• Re: (Score:2, Interesting)

            by mysidia (191772)

            The GFDL is not intended or suited to be used for Wiki articles; it is for documentation, and includes terms and options that not only render it a non-free license but also present practical issues for a Wiki.

            If you use a license for something totally outside its intended scope, you should not be surprised if future versions are problematic for you, or if their workaround is to allow a different license (altogether) to be used instead.

            Wikipedia article pages are not software. And the FSF don't single

            • by maxume (22995)

              The fact that they didn't specify Wikipedia in the license text is academic, they generated the new license in cooperation with Wikipedia.

              Personally, I don't have any skin in this game, but I would hesitate to use a FSF license with the or later clause intact (but I would have prior to this).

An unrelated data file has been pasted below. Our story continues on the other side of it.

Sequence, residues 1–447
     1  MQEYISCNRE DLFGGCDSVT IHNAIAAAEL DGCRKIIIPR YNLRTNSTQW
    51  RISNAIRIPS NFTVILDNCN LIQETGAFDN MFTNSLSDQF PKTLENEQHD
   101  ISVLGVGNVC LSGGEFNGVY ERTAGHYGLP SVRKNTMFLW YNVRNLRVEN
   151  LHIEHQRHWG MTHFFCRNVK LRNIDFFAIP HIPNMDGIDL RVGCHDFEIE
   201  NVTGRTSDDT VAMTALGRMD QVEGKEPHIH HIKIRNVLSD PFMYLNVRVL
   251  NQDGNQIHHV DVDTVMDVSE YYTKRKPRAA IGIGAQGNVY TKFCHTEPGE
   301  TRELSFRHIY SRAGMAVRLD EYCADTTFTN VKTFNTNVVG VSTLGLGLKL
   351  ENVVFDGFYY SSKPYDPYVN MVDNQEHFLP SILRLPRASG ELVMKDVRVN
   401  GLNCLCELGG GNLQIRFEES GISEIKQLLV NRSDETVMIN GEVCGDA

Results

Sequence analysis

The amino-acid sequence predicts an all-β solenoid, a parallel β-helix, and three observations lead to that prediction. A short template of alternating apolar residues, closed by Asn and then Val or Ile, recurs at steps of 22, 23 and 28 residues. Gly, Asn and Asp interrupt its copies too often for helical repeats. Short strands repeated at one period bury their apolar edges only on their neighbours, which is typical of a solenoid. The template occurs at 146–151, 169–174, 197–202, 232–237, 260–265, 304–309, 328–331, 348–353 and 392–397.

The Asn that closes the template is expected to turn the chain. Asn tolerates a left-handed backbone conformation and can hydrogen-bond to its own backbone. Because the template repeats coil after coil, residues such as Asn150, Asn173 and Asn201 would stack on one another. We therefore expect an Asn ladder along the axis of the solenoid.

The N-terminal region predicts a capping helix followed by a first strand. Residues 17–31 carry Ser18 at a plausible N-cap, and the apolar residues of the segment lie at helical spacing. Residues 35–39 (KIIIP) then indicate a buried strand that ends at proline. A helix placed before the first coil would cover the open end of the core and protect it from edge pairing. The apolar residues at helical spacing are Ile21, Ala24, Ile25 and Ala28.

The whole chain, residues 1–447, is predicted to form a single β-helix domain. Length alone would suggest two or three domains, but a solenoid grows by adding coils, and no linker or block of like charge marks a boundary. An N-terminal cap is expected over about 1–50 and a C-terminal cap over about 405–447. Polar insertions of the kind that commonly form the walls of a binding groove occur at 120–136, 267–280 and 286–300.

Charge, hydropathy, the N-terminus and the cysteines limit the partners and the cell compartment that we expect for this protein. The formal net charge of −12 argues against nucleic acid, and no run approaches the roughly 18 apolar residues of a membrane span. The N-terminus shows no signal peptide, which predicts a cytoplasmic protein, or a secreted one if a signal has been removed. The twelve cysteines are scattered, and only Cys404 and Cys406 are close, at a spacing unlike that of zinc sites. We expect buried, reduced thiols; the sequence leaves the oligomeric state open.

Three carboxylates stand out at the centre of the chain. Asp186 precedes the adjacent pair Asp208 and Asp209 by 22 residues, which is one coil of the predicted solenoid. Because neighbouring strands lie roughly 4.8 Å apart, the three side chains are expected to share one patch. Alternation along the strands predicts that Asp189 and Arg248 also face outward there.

• by spitzak (4019)

            The worry is not about the copyright assignment. The worrying thing is that they encourage people to put "and any later version of the GPL" on software, and lots of people (me included) do so.

            So a GPL4 that says "Richard Stallman can sell closed-source versions of this" would technically be possible and would affect a lot of GPL software, not just stuff with FSF copyright assignment. It would not affect Linux because the "any later version" text was deleted.

            Seriously though I would not be worried. Any real

        • by jakykong (1474957)
          The clause looks like it applies to just about every wiki to me... and there are lots of those.